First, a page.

By the Numbers: Sotheby’s Mo Ostin and Modern Auctions, May 2023

Get the stats behind the spin.

René Magritte, L'Empire des lumières (1951). Courtesy of Sotheby's. With an estimate of $35 million to $55 million, it sold for $42.3 million. Courtesy of Sotheby's.

Sotheby’s first night of marquee auctions in New York was a three-hour double-header on May 16. First up: 15 lots from the collection of Mo Ostin, a music industry executive who died last year. The group (as well as lower-value lots offered in a day sale) was shepherded to auction by Laura Paulson, Gagosian Art Advisory director. The estate passed up a guarantee, preferring to maximize profits through the enhanced hammer arrangement, i.e. sharing the auction house’s buyer’s premium. Shortly before the actual sale, four lots gained irrevocable bids. Just one lot failed to sell.

Below, the story by the numbers… 

Mo Ostin Collection  

  • Total Sales After Fees: $123.7 million
     
  • Lots Sold (Including Guaranteed Lots): 14
     
  • Lots on Offer Before Withdrawals: 15
     
  • Lots Withdrawn Presale: 0
     
  • Lots Bought In: 1
     
  • Sell-through Rate Counting Withdrawals: 93.3%
     
  • Sell-through Rate Excluding Withdrawals: 93.3%
     
  • Hammer Total: $104.5 million
     
  • Presale Low Estimate Before Withdrawals: $103.3 million
     
  • Hammer Total vs. Presale Low Estimate: +$1.2 million 
     
  • Total Low Estimate of Withdrawn Lots: $0
     
  • Total Low Estimate of Guaranteed Lots: $13 million (12.6 percent of total presale low estimate)
     
  • Lots With House Guarantees: 0
     
  • Total Low Estimate of Third-Party Guaranteed Lots: $13 million (12.6 percent of total presale estimate)
     
  • Lots With Third-Party Guarantees: 4
     
  • Top Seller: René Magritte, L’Empire des lumières (1951), hammered at $36.5 million (or $42.3 million after fees)
Gustav Klimt, Insel im Attersee (ca. 1901–2). With an unpublished estimate, it sold for $53.2 million. Courtesy of Sotheby's.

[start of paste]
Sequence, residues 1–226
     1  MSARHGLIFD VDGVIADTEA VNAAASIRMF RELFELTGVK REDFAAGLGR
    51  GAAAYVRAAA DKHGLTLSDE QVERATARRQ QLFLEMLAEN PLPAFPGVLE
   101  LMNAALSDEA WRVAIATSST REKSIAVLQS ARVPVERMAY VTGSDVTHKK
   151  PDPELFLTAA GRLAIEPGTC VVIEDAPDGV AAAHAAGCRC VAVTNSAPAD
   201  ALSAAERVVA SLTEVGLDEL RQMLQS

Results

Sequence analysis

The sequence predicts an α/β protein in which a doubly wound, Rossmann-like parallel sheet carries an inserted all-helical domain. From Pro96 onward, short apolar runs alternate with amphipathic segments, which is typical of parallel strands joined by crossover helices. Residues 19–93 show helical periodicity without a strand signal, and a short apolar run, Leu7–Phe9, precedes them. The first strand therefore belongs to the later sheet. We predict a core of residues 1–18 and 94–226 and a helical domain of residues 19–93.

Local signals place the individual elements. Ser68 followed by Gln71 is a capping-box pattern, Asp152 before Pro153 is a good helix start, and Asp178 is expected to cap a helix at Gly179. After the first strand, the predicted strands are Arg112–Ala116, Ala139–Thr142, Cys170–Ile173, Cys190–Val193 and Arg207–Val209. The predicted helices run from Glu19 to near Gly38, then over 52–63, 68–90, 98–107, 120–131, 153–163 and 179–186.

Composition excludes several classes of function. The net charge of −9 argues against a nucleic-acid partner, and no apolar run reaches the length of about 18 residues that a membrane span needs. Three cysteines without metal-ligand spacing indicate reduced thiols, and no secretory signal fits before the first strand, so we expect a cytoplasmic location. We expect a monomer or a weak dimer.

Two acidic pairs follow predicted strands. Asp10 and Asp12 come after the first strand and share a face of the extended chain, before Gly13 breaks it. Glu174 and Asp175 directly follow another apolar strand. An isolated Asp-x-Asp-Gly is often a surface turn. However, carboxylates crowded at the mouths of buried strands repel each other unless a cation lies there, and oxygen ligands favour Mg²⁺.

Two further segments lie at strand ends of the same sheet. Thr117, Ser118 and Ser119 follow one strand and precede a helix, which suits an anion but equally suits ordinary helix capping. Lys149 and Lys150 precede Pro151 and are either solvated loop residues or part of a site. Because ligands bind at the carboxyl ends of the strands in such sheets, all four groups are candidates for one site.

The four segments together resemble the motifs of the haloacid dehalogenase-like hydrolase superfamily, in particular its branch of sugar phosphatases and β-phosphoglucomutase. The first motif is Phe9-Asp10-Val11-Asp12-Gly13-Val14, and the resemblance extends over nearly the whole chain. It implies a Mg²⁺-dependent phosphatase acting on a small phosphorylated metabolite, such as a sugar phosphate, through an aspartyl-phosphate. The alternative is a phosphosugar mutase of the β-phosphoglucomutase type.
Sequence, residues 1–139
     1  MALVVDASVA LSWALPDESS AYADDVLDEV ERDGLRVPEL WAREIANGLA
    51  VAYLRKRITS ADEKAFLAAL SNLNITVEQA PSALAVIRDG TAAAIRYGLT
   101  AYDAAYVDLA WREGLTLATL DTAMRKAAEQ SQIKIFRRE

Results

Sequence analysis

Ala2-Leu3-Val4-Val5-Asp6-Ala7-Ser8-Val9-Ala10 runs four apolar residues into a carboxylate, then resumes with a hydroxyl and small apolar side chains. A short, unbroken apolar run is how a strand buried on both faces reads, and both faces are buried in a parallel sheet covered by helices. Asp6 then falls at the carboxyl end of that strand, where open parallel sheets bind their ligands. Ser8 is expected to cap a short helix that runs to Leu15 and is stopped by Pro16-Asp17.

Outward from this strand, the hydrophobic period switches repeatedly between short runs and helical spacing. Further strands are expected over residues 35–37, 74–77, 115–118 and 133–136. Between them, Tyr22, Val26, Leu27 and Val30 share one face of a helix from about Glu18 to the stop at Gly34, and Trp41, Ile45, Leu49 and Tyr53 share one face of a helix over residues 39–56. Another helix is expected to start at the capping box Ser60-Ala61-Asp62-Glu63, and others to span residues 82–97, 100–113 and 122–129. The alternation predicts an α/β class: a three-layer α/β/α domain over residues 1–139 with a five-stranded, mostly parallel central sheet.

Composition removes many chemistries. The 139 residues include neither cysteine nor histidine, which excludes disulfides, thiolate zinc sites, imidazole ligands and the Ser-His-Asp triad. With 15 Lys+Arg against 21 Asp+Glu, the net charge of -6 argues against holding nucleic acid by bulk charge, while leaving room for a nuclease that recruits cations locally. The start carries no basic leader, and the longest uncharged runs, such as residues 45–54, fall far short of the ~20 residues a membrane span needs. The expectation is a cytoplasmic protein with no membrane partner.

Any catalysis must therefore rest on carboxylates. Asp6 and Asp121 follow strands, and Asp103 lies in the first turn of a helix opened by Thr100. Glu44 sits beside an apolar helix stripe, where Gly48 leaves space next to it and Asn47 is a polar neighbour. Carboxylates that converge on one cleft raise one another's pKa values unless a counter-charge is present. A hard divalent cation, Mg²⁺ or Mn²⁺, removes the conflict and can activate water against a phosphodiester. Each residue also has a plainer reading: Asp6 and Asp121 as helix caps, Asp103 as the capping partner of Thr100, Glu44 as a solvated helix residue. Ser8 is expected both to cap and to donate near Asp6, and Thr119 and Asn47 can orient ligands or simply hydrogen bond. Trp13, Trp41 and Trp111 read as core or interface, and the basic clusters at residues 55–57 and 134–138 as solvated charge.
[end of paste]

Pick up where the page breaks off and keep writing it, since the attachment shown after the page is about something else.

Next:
Gustav Klimt, Insel im Attersee (ca. 1901–2). With an unpublished estimate, it sold for $53.2 million. Courtesy of Sotheby’s.

Next came the regular evening auction of modern art, led by a landscape by Gustav Klimt, an Edward Hopper painting deaccessioned by the Whitney Museum of American Art as well as, bizarrely, a 400-year-old painting by Peter Paul Rubens.

Here’s how the data shook out… 

Modern Evening Sale

  • Total Sales After Fees: $303.1 million
     
  • Lots sold (Including Guaranteed Lots): 40
     
  • Lots on Offer Before Withdrawals: 54
     
  • Lots Withdrawn Presale: 6
     
  • Lots Bought In: 8
     
  • Sell-through Rate Counting Withdrawals: 83 percent
     
  • Sell-through Rate Excluding Withdrawals: 74.1 percent
     
  • Hammer Total: $258.1 million
     
  • Presale Low Estimate Before Withdrawals: $290.6 million
     
  • Hammer Total vs. Presale Low Estimate: -$32.5 million
     
  • Total Low Estimate of Withdrawn Lots: $18.5 million
     
  • Total Low Estimate of Guaranteed Lots: $207.9 million (71.5 percent of total presale low estimate)
     
  • Lots With House Guarantees: 21
     
  • Total Low Estimate of Third-Party Guaranteed Lots: $172.4 million (59.3 percent of total presale low estimate)
     
  • Lots With Third-Party Guarantees: 17
     
  • Top Seller: Gustav Klimt, Insel im Attersee (ca. 1901–2), hammered at $46.5 million (with fees: $53.2 million)
  • Quote of the Night: “Let’s have some fun,” said Oliver Barker, the auctioneer of the sale, when two online bidders jumped into the fray for the sale’s final lot, an Edvard Munch landscape estimated at $2 million to $3 million. He’d been on the podium for three hours by that point and was eager to wrap things up. “Wherever you are in the ether! We don’t have to be here anymore.”
     

Next up: Phillips’s 20th-century and Evening sale and Christie’s Gerald Fineberg evening sale, May 17. Check back throughout the week for our continuing coverage of this spring’s sales slate.


Follow Artnet News on Facebook:


Want to stay ahead of the art world? Subscribe to our newsletter to get the breaking news, eye-opening interviews, and incisive critical takes that drive the conversation forward.
Subscribe or log in to read the rest of this content.

You are currently logged into this Artnet News Pro account on another device. Please log off from any other devices, and then reload this page continue. To find out if you are eligible for an Artnet News Pro group subscription, please contact [email protected]. Standard subscriptions can be purchased on the subscription page.

Log In